Living lactic acid bacteria, probiotics, can change the intestinal flora of patients with cancer of the colon. These are the findings of a study published in the journal BMJ Open Gastroenterology.
“The strains used in this study are a promising positive factor for the continued development of treatments for colon cancer,” confirms Yvonne Wettergren, Associate professor in Molecular Medicine at the Institute of Clinical Sciences, Sahlgrenska Academy.
The study shows that the intestinal microflora composition, studied in biopsies, was different in tumour tissue and the surrounding mucosa in patients with colon cancer compared with healthy individuals.
When the microflora among those with cancer was modified by treatment with probiotics in tablet form, the amount of bacteria that produced butyric acid increased. This acid has documented anti-inflammatory effects on the colon and also inhibits the growth of cancer cells in the intestines.
A component of the probiotic strains used in the study, Lactobacillus acidophilus NCFM, previously proved to reduce the growth of colon tumours in mice, and also reduced the amount of carcinogenic decomposition products, so-called metabolites, in the intestines of humans.
Through yet another component, Bifidobacterium lactis Bl-04, the preparation was given anti-inflammatory properties. The actual tablets were designed so that the bacteria would really be exposed in the colon, which is required for the clinical documentation.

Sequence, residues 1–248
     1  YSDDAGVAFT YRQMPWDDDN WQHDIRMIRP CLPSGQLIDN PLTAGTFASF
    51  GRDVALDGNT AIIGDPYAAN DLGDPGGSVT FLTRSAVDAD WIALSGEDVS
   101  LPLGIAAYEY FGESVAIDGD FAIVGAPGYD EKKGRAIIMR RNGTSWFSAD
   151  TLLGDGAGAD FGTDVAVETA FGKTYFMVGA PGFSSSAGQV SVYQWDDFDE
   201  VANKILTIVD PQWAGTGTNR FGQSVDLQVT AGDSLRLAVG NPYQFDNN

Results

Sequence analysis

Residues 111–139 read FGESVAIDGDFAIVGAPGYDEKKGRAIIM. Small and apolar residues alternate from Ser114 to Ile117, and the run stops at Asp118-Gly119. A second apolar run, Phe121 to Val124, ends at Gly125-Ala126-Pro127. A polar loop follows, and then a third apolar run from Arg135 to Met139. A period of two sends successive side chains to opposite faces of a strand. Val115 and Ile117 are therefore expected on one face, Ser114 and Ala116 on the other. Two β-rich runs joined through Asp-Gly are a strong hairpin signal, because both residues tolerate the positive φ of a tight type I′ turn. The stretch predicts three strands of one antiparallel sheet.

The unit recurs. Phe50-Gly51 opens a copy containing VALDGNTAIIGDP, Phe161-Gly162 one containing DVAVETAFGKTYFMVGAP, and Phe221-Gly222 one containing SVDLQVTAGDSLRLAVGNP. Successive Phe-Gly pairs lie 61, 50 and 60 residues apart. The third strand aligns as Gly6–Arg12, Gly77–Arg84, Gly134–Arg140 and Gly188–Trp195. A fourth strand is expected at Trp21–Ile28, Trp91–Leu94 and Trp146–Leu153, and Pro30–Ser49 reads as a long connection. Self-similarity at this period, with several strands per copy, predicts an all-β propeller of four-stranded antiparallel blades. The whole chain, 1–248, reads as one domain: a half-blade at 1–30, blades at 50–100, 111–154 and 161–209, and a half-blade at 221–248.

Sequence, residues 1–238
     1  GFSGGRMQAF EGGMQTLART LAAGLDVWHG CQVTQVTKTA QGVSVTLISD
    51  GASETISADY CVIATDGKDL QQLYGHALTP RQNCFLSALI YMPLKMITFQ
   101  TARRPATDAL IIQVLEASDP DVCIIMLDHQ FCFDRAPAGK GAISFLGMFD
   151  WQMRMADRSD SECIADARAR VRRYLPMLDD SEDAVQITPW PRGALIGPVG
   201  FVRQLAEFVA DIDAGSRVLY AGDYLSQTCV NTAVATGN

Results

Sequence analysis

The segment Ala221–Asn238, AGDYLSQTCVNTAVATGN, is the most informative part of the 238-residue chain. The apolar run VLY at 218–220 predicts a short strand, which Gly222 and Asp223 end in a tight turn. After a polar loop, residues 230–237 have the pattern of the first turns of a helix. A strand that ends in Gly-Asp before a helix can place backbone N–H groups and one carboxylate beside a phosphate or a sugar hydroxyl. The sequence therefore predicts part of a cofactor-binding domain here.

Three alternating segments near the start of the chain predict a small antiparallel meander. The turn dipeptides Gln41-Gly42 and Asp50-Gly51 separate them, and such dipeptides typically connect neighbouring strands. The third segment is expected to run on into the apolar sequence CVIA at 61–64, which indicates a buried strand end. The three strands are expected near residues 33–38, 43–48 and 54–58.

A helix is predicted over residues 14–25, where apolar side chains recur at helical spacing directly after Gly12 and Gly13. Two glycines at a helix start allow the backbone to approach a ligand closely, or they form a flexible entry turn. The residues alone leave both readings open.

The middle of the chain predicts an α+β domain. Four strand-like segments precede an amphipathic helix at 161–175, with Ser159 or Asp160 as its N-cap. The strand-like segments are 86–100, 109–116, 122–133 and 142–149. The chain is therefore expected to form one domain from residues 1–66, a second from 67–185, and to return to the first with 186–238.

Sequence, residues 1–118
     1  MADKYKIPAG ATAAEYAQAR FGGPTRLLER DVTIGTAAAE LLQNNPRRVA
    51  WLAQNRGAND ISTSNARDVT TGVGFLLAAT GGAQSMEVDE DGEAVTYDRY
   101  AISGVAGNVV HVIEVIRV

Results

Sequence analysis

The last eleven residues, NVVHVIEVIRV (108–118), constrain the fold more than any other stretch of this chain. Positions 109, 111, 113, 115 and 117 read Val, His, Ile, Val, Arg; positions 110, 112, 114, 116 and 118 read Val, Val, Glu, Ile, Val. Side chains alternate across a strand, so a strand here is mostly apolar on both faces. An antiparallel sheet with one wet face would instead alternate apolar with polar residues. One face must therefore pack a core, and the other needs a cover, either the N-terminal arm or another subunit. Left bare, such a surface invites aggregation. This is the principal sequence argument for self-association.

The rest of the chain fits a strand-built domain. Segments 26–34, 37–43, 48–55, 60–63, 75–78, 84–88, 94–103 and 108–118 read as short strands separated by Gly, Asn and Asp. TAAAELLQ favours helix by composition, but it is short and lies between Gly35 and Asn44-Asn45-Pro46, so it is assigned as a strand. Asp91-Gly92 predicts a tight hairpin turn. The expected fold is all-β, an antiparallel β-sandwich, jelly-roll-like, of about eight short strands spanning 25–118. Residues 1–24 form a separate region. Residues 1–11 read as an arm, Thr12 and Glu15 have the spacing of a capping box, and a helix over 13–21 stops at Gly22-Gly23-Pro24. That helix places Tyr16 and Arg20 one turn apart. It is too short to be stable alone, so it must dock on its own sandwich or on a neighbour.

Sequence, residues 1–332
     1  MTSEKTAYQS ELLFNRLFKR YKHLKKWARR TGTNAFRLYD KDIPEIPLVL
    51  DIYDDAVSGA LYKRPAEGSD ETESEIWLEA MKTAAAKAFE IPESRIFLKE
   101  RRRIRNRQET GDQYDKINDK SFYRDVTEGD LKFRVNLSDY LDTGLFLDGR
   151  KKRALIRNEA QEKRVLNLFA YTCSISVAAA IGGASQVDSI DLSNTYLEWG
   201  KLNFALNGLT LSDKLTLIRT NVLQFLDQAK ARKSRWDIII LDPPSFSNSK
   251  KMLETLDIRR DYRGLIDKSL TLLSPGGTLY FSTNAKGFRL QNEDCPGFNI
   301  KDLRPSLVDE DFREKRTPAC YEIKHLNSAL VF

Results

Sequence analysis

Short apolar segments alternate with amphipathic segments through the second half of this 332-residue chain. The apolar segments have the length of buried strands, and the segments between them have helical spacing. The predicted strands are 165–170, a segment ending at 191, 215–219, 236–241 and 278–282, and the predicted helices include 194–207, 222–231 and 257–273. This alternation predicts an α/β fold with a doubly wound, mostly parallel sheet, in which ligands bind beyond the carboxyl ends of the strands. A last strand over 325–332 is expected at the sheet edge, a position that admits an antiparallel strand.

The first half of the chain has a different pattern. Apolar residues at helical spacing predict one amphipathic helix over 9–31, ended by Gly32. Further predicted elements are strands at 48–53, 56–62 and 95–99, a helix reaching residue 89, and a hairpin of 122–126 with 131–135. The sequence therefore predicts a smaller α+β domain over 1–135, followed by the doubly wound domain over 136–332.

The study builds on the principle that the human intestinal microflora affects the metabolism, interacts with the immune system and protects against pathogens, toxins and other factors that cause disease. It thereby has the potential to have a strong impact on general health and well-being.
What can be viewed as a healthy microflora can vary significantly from person to person, but more recent studies have shown that the intestinal flora often deviates from its normal stable state in diseases of the gastrointestinal tract, as well as in the development of the metabolic syndrome.
According to the current study, the microbiological imbalance seen in patients with colon cancer changes with the help of probiotic bacteria, given that they are dosed and administered in the way done in the study.
“The study comprises a total of 15 patients who already had malignant cancer, and who were followed until operation. We are now going to continue with a larger study of patients who have premalignant stages of cancer, intestinal polyps. We hope to be able to work more with prevention in this area,” says Yvonne Wettergren.
Paper: Ashley A Hibberd et al. Intestinal microbiota is altered in patients with colon cancer and modified by probiotic intervention, BMJ Open Gastroenterology (2017). DOI: 10.1136/bmjgast-2017-000145